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Dog whistle politics
| It doesn't stop|
at the water's edge
| We control what|
you think with
|Said and done|
|Jargon, buzzwords, slogans|
Dog whistle politics usually refers to the use of certain code words or phrases that are designed to be understood by only a small section of the populace. Generally speaking, these are phrases that have special meaning to that subsection entirely independent of its meaning to others, and represent a particularly insidious use of loaded language.
The term alludes to the sound of a dog whistle, which can only be heard by the intended audience (the dog). In theory at least, dog whistle terms are only noticed and understood by the people they are intended for. In practice, the meaning is often understood by others. For example, negative references to "ghettos" are taken by pretty much everyone to mean "black parts of town."
The best known example of this is the love some older conservatives have for "states' rights." When segregation became socially unacceptable, many old pro-segregationists began instead calling for "states' rights," meaning of course the right of the individual states to segregate and discriminate (or, in the pre-Civil War American South, enforce slavery). Since then, many civil rights leaders have been able to show the connections behind the phrase, but that doesn't stop hard-right Ron/Rand Paul supporters from continuing to use it. These days, it's used by people in red states to justify tighter immigration law (i.e. racial profiling) and toying with Roe v. Wade by restricting abortions. Interestingly enough, even the most fervent states' rights apologists become eerily silent when it comes to Colorado legalizing pot or (in the 1990s and early 2000s) gay marriage. Which of course parallels what the Antebellum South did: As long as they had the political power to do so, the states' rights of the Northern states did not concern them when it came to enforcing "fugitive slave" laws that often ended up enslaving free black Northerners.
Religion-, class-, and race-baiting
This is a common way these days of expressing bigotry without appearing to do so.
Backwards caps and hippity-hop
"Thug culture." Just use the n-word, we all know what you're saying anyway. It comes off like saying black people are dumb while trying not to sound like they are saying black people are dumb. ("If only black people were smart enough to realize how dumb they really are.") Another dog whistle popular on the internet is "dinndus," short for "didn't do nothin," which evokes the idea that black people are prone to criminal behaviour, but play up on sob stories to liberal white people.
Another way to complain about minorities without offense is to complain about ghettos, the bad part of town, etc. Or if one's a politician, "fixing" the impoverished areas of a city will do the trick (alternatively, "cleaning up our streets"). Particularly in the Midwest, it's common for people to mock places like Detroit, Cleveland, and the South Side of Chicago as it sounds innocent to the untrained ear.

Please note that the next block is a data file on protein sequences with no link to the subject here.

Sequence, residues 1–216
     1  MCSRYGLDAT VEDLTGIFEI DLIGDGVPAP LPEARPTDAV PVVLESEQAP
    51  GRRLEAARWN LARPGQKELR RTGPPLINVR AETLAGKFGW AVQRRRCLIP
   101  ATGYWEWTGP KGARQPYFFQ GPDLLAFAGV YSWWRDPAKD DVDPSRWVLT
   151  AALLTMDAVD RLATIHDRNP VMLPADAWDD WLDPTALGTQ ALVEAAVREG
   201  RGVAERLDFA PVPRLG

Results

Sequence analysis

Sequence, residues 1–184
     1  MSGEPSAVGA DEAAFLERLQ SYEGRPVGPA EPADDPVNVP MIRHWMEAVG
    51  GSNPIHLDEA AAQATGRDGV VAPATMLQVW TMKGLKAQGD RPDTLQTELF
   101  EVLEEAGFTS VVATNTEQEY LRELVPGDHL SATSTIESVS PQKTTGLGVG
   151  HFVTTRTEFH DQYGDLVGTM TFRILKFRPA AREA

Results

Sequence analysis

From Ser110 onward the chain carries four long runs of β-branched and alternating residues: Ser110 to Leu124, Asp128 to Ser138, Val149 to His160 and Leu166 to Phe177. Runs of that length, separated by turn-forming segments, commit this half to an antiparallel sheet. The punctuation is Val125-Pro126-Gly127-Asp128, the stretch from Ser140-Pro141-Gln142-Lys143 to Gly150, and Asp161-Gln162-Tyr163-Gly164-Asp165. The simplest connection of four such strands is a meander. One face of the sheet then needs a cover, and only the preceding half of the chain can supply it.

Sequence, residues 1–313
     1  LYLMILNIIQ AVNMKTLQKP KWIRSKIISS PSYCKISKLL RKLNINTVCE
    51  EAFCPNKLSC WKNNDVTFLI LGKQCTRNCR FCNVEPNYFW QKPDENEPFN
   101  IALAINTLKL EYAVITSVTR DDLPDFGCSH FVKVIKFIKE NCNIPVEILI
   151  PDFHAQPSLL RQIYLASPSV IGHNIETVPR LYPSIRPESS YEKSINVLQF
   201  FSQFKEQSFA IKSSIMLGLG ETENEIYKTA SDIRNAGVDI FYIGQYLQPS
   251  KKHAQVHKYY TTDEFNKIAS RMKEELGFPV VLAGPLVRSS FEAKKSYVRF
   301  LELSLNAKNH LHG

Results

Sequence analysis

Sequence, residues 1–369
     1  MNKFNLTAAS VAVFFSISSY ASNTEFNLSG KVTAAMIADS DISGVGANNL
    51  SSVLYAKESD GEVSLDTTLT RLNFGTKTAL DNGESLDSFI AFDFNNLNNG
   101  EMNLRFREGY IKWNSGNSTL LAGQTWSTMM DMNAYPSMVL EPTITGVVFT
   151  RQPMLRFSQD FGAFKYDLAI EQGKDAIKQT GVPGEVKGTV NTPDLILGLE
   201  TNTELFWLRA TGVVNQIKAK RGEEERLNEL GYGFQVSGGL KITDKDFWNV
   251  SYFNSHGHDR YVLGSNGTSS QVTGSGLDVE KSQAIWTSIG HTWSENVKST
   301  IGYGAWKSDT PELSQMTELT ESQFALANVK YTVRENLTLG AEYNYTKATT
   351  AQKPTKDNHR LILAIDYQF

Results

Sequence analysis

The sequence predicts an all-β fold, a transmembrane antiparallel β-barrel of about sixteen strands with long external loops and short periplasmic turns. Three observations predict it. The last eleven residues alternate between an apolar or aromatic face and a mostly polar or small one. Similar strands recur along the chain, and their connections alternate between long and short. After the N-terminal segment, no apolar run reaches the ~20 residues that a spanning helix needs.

In addition, since the civil rights movement rendered open racism in the United States anathema (or, at least, it had), dog-whistle terms such as "community organizers"[note 1] and "welfare queen" have become widely known as semi-opaque terms referring to people (usually African-American, always underclass) who propagandists want you to believe are stirring up trouble and abusing the system. "Quotas" is a semi-opaque way of signaling opposition to affirmative action or other efforts to achieve gender or racial parity (in areas such as highest educational attainment, proportional political representation, wages, etc.) without coming right out and directly saying it. The conservative obsession with idleness and loafing used to be a dog whistle, but has become so commonplace in the Republican and Libertarian parties that people under age 40 who parrot it don't realize this. They've become tone deaf to the racial overtones to the point that they don't realize it actually is racist, they just think it's a good idea.
Tak'n Ur Jerbs
Talk of abolishing birthright citizenship, along with other rhetoric on illegal immigration, is used to appeal to racists who are mad about brown people being in 'Murica at all – though this is less dog whistle and more tuba, as the paper-thin pretense is almost discarded.
MS-13 and Hispanic immigrants
Trump has used conflation to mask exactly whom he is calling animals, is it the ruthless gang MS-13 comprised mostly of Central Americans, or was it all Hispanic immigrants to the US? Only the listener will know.
Antisemitic dog whistles
Antisemitism is often expressed in dog whistle terms, which are picked up by those familiar with the main concepts of Antisemitism but not by the populace as a whole. Examples are talk about the "controlled" media (without specifying who controls it, but anti-Semites know "who" that means); "international bankers" (without specifying Jewish international bankers, but anti-Semites know who); etc. Similarly there is the originally Stalinist denunciation of "cosmopolitanism" or "rootless cosmopolitan", and more general references to "citizens of nowhere", "international elites", etc. "Dual loyalty" is a dog whistle term used by both anti-Semites and anti-Catholics to imply the person's real loyalty is to Israel or the Vatican and not their own country (demands to curtail people with "dual citizenship" are also used as an antisemitic dog whistle in a similar fashion). Another term is anti-Zionism, or criticism of Israel. While people can legitimately criticize Israel for a great many reasons, professed anti-Zionism can be a thinly-veiled front for Antisemitism. Other seemingly-innocent terms include "New York intellectual" and variations.